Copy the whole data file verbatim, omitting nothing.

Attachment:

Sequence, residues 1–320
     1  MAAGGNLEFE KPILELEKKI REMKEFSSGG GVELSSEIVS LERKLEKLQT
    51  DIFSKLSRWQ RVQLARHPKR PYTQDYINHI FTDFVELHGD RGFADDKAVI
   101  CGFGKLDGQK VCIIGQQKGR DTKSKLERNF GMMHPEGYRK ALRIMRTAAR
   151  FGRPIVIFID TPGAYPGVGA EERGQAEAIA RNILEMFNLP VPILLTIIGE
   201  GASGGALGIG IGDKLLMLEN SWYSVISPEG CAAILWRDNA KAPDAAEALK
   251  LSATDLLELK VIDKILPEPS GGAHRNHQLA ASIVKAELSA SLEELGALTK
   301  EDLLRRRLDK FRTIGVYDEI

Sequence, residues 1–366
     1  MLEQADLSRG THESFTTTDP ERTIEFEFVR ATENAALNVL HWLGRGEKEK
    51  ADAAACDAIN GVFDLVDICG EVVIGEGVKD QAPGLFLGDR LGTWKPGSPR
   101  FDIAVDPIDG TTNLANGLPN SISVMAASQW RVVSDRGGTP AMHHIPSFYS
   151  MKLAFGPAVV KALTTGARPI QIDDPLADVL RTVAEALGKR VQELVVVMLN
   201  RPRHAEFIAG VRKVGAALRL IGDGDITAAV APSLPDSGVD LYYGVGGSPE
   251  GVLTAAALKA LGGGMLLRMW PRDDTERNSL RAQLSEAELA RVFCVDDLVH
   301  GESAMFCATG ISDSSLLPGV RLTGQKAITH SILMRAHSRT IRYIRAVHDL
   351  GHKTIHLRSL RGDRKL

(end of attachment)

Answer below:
Sequence, residues 1–320
     1  MAAGGNLEFE KPILELEKKI REMKEFSSGG GVELSSEIVS LERKLEKLQT
    51  DIFSKLSRWQ RVQLARHPKR PYTQDYINHI FTDFVELHGD RGFADDKAVI
   101  CGFGKLDGQK VCIIGQQKGR DTKSKLERNF GMMHPEGYRK ALRIMRTAAR
   151  FGRPIVIFID TPGAYPGVGA EERGQAEAIA RNILEMFNLP VPILLTIIGE
   201  GASGGALGIG IGDKLLMLEN SWYSVISPEG CAAILWRDNA KAPDAAEALK
   251  LSATDLLELK VIDKILPEPS GGAHRNHQLA ASIVKAELSA SLEELGALTK
   301  EDLLRRRLDK FRTIGVYDEI

Sequence, residues 1–366
     1  MLEQADLSRG THESFTTTDP ERTIEFEFVR ATENAALNVL HWLGRGEKEK
    51  ADAAACDAIN GVFDLVDICG EVVIGEGVKD QAPGLFLGDR LGTWKPGSPR
   101  FDIAVDPIDG TTNLANGLPN SISVMAASQW RVVSDRGGTP AMHHIPSFYS
   151  MKLAFGPAVV KALTTGARPI QIDDPLADVL RTVAEALGKR VQELVVVMLN
   201  RPRHAEFIAG VRKVGAALRL IGDGDITAAV APSLPDSGVD LYYGVGGSPE
   251  GVLTAAALKA LGGGMLLRMW PRDDTERNSL RAQLSEAELA RVFCVDDLVH
   301  GESAMFCATG ISDSSLLPGV RLTGQKAITH SILMRAHSRT IRYIRAVHDL
   351  GHKTIHLRSL RGDRKL